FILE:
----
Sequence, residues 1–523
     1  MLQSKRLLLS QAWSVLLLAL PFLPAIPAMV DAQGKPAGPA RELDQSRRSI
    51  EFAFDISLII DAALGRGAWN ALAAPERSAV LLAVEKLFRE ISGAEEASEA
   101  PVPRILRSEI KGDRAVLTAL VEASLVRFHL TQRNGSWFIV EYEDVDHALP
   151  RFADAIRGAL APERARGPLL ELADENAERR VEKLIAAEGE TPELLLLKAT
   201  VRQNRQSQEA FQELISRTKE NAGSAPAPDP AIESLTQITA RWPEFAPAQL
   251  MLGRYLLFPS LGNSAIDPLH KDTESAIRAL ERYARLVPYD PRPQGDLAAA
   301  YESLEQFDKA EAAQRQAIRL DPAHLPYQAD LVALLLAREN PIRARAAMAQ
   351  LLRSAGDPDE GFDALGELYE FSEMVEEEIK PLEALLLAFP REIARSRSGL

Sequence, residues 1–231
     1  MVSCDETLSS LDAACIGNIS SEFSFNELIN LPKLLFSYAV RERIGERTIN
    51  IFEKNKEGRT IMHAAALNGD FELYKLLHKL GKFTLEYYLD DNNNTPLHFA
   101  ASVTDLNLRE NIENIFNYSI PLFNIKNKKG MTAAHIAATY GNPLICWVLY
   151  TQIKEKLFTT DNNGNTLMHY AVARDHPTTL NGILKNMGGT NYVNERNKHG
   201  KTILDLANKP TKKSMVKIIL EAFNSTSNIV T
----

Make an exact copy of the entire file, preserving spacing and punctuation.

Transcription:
Sequence, residues 1–523
     1  MLQSKRLLLS QAWSVLLLAL PFLPAIPAMV DAQGKPAGPA RELDQSRRSI
    51  EFAFDISLII DAALGRGAWN ALAAPERSAV LLAVEKLFRE ISGAEEASEA
   101  PVPRILRSEI KGDRAVLTAL VEASLVRFHL TQRNGSWFIV EYEDVDHALP
   151  RFADAIRGAL APERARGPLL ELADENAERR VEKLIAAEGE TPELLLLKAT
   201  VRQNRQSQEA FQELISRTKE NAGSAPAPDP AIESLTQITA RWPEFAPAQL
   251  MLGRYLLFPS LGNSAIDPLH KDTESAIRAL ERYARLVPYD PRPQGDLAAA
   301  YESLEQFDKA EAAQRQAIRL DPAHLPYQAD LVALLLAREN PIRARAAMAQ
   351  LLRSAGDPDE GFDALGELYE FSEMVEEEIK PLEALLLAFP REIARSRSGL

Sequence, residues 1–231
     1  MVSCDETLSS LDAACIGNIS SEFSFNELIN LPKLLFSYAV RERIGERTIN
    51  IFEKNKEGRT IMHAAALNGD FELYKLLHKL GKFTLEYYLD DNNNTPLHFA
   101  ASVTDLNLRE NIENIFNYSI PLFNIKNKKG MTAAHIAATY GNPLICWVLY
   151  TQIKEKLFTT DNNGNTLMHY AVARDHPTTL NGILKNMGGT NYVNERNKHG
   201  KTILDLANKP TKKSMVKIIL EAFNSTSNIV T